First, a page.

A pending constitutional challenge to California’s broad felony-murder law can move forward because of an August federal appeals court ruling.Bob Egelko, “California Felony-Murder Law Challenge Backed by US Court,” San Francisco Chronicle, August 6, 2018.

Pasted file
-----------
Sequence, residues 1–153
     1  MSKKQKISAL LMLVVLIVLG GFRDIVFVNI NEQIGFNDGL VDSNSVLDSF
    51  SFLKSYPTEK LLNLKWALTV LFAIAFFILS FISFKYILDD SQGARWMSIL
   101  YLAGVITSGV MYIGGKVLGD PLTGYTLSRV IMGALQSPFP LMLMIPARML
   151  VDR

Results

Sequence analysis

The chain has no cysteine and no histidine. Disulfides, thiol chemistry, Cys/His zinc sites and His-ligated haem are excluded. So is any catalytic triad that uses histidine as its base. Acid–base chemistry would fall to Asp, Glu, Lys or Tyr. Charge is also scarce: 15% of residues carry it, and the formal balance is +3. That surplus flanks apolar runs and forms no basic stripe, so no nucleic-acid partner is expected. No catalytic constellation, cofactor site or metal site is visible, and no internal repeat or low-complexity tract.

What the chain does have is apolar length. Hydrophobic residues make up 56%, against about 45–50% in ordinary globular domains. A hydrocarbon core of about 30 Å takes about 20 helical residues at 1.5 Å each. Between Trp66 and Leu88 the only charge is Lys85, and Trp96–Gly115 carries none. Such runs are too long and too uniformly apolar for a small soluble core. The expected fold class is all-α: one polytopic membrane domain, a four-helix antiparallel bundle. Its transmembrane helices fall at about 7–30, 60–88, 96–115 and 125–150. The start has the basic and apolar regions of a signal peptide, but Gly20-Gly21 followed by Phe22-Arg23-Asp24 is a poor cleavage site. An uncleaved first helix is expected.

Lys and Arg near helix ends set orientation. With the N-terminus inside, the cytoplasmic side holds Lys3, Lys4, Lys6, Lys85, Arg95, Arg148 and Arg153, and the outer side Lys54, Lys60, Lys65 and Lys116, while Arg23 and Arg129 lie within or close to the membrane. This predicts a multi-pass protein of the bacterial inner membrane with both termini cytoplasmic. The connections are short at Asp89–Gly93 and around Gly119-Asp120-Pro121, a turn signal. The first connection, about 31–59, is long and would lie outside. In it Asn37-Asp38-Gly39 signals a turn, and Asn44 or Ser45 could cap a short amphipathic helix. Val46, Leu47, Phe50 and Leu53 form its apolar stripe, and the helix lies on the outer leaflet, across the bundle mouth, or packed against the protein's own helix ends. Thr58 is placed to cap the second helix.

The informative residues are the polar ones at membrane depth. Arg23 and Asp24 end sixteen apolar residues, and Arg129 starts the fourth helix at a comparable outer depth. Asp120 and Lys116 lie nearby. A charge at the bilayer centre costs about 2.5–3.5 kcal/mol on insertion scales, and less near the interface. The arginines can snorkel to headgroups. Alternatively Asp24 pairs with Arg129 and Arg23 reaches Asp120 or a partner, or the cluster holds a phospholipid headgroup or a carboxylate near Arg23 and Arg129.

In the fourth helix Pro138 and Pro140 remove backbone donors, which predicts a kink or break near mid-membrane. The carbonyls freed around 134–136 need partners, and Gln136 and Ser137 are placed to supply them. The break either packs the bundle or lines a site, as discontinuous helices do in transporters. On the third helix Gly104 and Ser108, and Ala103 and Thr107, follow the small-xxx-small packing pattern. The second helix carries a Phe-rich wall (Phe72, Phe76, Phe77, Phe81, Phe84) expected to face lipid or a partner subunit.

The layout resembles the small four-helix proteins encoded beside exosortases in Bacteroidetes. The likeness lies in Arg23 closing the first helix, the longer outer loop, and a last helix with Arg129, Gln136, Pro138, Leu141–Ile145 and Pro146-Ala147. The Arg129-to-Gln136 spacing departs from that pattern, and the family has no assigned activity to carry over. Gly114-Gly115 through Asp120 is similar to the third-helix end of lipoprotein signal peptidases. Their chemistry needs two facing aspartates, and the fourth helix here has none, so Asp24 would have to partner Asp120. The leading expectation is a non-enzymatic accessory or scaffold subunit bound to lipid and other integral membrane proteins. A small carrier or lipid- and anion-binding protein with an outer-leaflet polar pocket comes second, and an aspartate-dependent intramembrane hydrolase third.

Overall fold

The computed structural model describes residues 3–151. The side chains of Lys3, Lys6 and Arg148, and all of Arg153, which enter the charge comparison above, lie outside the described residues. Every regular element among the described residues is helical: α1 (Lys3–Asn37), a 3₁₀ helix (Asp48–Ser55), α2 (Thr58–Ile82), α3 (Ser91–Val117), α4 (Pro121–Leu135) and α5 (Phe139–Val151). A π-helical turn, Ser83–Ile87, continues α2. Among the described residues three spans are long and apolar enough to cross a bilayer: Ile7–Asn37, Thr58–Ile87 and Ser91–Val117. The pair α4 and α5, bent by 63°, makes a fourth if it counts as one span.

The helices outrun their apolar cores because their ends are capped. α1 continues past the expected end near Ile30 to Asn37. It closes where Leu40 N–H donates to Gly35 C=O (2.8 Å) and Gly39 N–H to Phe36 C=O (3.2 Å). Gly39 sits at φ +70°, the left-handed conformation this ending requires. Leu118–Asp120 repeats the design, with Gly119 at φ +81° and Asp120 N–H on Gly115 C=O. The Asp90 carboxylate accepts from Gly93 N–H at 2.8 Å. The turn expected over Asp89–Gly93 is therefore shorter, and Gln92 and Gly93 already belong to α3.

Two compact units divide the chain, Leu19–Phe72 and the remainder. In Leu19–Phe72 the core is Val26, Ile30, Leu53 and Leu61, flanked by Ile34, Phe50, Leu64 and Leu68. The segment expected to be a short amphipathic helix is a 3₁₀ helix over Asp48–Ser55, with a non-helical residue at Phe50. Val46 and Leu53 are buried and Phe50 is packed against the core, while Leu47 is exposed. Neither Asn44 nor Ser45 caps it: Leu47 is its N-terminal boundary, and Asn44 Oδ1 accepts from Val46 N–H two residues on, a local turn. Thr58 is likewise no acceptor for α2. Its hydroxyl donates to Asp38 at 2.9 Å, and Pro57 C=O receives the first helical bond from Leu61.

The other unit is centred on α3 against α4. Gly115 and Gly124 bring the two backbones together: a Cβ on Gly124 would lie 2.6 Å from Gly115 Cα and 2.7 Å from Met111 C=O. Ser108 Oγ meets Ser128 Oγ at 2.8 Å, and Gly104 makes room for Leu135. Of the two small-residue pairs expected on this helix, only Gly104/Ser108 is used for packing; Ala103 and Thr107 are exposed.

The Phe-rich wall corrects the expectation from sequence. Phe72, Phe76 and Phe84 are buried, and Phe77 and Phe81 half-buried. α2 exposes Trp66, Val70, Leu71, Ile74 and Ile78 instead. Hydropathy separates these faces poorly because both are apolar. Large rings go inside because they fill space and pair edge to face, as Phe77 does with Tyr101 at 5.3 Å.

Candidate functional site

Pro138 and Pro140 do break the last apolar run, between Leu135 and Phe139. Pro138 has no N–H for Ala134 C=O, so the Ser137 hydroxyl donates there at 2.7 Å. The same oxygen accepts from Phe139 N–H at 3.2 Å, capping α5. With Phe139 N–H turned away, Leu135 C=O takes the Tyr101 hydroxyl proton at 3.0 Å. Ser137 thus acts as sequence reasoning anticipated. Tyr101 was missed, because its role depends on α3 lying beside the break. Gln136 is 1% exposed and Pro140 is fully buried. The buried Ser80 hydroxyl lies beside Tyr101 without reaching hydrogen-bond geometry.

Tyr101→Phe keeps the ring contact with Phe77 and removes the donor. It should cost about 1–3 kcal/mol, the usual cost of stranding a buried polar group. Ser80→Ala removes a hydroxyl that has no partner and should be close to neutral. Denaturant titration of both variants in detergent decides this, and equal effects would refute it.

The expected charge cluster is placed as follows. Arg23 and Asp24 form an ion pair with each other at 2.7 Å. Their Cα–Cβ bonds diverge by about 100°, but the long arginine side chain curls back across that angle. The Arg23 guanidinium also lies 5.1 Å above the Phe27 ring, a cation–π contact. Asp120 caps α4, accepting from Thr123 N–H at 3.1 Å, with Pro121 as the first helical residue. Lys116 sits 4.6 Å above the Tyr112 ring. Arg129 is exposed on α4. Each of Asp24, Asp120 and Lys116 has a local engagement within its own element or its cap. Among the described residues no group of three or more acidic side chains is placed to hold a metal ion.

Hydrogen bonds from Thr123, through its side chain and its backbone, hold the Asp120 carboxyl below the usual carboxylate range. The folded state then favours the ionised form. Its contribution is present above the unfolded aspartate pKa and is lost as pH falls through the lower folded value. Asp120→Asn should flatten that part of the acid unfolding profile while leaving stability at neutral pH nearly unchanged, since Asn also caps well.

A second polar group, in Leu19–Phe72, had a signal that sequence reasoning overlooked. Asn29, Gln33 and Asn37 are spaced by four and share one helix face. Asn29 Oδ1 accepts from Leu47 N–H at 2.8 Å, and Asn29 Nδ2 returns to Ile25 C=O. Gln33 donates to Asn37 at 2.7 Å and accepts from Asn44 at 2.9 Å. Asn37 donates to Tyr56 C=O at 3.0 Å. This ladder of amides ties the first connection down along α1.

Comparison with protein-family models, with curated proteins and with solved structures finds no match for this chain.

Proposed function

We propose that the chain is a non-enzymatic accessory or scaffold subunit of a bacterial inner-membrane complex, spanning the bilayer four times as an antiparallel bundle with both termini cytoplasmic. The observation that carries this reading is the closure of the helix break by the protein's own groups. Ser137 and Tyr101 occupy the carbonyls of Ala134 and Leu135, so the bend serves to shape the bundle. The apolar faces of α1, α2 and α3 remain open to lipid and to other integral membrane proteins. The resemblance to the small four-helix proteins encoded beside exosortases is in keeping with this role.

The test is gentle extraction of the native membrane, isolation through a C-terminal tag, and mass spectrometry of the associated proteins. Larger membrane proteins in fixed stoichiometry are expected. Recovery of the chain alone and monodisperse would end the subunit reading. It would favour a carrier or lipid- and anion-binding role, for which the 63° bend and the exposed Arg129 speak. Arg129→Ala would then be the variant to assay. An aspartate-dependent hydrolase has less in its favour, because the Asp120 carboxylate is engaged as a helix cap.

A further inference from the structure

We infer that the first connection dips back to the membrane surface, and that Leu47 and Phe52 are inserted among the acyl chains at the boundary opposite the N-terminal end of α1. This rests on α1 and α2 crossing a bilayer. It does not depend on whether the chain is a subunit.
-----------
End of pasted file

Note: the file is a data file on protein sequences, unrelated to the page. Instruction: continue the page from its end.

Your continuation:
Shedrick Henry, the petitioner, was convicted of second-degree felony-murder for killing a bystander when he fired a gun in an apartment building, for which he was sentenced to life in prison.Bob Egelko, “California Felony-Murder Law Challenge Backed by US Court,” San Francisco Chronicle, August 6, 2018. State courts upheld Henry’s conviction in 1997 under the existing statute.Bob Egelko, “California Felony-Murder Law Challenge Backed by US Court,” San Francisco Chronicle, August 6, 2018. But in 2015 the U.S. Supreme Court ruled that punishment had to be based on a defendant’s acts, not some “uncertain standards related to the general nature of a crime.” Johnson v. United States, 135 S. Ct. 2551 (2015). Citing this decision, the Ninth Circuit Court of Appeals held that Henry could proceed with his appeal on the basis that the state’s felony-murder law could be considered unconstitutionally vague.Henry v. Spearman, No. 17-70170, (9th Cir. 2018) (opinion); and Egelko, “Felony-Murder Law Challenge,” 2018. A new California law signed by Governor Jerry Brown in September, however, may render Henry’s appeal unnecessary.Alexei Koseff, “Hundreds Serving Time for Murder Could Get Sprung Under New California Law,” Sacramento Bee, October 2, 2018; and California SB 1437 (2018). The 2018 law limits a prosecutor’s ability to charge a person with felony-murder to cases where the person directly assisted with the homicide or was “a major participant” in the felony and “acted with reckless indifference to human life,” and allows people previously imprisoned for felony-murder—people like Henry—to petition for resentencing.California SB 1437 (2018).